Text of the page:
4/15/2012—While the big news this week is clearly the quasi-declaration of political war on the Obama Administration by the Bishops, which I will be addressing when I have had a chance to fully digest it--Our First, Most Cherished Liberty—there is important other news.
This week’s The Week reports on The Rise of Atheism. Yet what kind of atheism is it? Still only 1.5-4% of Americans label themselves atheists. On the other hand, a huge and growing group, now estimated to be 19% of the population have left organized religion. This group has been labeled the Nones because when asked their religion, they often answer, “none.”
How to account for the gap between atheists and nones? Well, it might be cowardice, intellectual and spiritual dishonesty, or just laziness. But I think there is another factor.
In the same issue of the magazine, Executive Editor Robert Love apparently one of the nones, reports on his own pilgrimage to the summit of Bear Mountain in upstate New York. He writes, “We’ve been claimed by the atheists, but I’m more in sync with the pantheists or casual Buddhists. I’d also include in my tribe the Hudson River School of painters, who found transcendence in the beauty of the wilderness and the vastness of creation. For Thomas Cole, the founder of the school, nature was the ‘visible hand of God.’”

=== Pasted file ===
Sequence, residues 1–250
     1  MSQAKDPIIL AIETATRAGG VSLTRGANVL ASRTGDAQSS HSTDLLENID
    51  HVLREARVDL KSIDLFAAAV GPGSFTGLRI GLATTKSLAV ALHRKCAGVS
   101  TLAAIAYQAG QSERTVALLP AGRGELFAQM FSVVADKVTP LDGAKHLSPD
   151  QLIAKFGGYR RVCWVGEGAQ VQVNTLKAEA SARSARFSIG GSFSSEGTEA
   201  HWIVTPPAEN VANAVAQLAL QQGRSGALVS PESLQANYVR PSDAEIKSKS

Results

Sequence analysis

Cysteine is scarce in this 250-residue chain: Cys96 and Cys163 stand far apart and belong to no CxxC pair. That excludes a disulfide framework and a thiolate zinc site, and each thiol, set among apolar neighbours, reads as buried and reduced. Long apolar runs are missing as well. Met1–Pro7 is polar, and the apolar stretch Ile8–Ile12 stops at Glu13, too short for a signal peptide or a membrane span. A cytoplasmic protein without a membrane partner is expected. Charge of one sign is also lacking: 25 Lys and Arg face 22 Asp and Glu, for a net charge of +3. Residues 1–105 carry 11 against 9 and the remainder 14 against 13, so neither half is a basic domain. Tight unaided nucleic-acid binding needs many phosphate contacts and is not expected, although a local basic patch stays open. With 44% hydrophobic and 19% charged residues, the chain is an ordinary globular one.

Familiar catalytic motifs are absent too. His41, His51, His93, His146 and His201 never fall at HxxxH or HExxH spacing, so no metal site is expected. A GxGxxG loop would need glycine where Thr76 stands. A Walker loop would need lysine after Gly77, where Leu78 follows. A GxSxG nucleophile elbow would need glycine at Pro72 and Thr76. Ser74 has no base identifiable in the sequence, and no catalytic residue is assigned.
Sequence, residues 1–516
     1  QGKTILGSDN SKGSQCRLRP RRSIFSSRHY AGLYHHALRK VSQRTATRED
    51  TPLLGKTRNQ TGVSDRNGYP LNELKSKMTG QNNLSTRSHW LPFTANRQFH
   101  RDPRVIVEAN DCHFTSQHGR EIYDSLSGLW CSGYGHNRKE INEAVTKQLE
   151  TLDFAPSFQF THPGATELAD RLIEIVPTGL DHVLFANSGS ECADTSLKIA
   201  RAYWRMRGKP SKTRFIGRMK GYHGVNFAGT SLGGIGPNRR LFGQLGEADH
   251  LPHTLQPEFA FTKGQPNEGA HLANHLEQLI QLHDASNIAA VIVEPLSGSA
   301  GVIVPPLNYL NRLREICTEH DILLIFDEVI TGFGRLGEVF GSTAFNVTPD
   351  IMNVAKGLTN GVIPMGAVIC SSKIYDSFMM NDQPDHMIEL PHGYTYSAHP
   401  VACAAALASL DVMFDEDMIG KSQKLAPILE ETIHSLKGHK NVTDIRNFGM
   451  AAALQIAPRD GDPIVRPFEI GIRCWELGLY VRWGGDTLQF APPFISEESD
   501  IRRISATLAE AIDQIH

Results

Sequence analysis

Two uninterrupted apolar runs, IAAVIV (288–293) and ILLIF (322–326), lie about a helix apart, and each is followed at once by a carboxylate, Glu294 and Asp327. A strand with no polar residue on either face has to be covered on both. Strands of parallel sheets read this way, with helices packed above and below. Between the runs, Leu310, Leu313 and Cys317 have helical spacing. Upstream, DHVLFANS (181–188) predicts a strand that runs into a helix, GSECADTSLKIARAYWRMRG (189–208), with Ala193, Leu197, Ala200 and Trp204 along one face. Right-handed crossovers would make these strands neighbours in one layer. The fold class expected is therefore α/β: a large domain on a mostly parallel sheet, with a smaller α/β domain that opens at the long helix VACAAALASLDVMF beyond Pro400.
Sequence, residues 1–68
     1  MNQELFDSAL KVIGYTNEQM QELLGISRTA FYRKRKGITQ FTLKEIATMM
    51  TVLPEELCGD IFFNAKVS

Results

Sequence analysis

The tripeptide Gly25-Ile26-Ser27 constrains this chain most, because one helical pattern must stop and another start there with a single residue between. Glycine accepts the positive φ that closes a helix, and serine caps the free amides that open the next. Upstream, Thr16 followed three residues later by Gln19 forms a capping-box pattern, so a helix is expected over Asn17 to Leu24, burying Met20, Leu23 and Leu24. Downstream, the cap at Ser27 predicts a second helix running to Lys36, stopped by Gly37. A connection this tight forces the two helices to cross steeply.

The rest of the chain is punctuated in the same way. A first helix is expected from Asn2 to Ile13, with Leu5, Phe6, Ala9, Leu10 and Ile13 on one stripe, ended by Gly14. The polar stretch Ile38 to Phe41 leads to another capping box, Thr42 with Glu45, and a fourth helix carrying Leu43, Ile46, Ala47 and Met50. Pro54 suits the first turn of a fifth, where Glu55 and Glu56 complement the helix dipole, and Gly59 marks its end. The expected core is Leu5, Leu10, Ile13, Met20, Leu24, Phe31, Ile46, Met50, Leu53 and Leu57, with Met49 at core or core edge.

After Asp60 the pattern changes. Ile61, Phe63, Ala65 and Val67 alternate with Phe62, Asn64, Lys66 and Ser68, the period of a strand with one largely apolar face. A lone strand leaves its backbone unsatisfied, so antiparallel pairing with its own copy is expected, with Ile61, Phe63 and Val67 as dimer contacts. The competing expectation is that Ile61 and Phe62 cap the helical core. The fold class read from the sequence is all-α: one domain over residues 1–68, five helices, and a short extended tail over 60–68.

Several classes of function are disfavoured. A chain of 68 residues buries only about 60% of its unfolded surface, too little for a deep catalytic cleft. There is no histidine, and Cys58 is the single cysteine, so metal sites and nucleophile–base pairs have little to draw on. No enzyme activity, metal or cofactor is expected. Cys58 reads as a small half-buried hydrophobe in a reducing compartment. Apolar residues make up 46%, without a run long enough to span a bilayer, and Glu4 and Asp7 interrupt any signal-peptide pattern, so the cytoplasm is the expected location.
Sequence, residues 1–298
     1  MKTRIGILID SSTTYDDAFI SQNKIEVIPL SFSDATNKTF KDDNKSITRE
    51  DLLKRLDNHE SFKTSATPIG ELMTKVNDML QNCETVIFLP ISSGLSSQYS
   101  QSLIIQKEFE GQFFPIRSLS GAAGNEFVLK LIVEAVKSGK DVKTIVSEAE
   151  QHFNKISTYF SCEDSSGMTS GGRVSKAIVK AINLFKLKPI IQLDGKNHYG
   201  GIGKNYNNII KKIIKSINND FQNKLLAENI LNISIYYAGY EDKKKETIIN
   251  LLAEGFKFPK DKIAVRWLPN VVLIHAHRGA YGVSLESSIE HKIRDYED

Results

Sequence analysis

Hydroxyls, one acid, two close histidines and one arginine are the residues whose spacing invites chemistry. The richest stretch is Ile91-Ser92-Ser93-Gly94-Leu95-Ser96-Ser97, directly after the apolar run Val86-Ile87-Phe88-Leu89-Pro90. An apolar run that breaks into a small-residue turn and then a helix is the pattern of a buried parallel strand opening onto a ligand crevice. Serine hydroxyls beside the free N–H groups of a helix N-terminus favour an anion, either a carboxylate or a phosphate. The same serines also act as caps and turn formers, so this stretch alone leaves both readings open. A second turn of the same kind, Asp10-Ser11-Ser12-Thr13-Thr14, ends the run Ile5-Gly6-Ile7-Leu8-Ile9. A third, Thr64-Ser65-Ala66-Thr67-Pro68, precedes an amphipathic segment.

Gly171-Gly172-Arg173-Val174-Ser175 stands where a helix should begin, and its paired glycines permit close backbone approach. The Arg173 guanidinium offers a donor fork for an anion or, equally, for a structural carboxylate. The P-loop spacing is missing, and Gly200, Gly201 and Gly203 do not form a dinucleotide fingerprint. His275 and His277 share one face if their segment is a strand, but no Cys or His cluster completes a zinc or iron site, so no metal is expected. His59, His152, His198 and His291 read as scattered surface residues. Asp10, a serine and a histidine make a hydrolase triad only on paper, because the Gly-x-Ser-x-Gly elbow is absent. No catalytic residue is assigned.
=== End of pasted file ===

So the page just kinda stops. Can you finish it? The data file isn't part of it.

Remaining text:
This is not only a beautiful statement, but an important one. It is culturally apt. It echoes a statement by Isaac Newton in a letter to Richard Bentley that I read in the New York Review of Books article by G.W. Bowersock. When contemplating the regular relationship of the sun to the planets, Newton wrote, “I do not think explicable by mere natural causes, but am forced to ascribe it to the counsel and contrivance of a Voluntary Agent.”
Nothing about our existence suggests to us contingency and accident. We are at home. This universe is fit for us and for our purposes. Naturally that is true since we evolved here—it is true naturally. But how does it all fit together so well?
So we Nones say, there must be some force or power. An inelegant expression, but worlds away from a certain kind of atheist tone.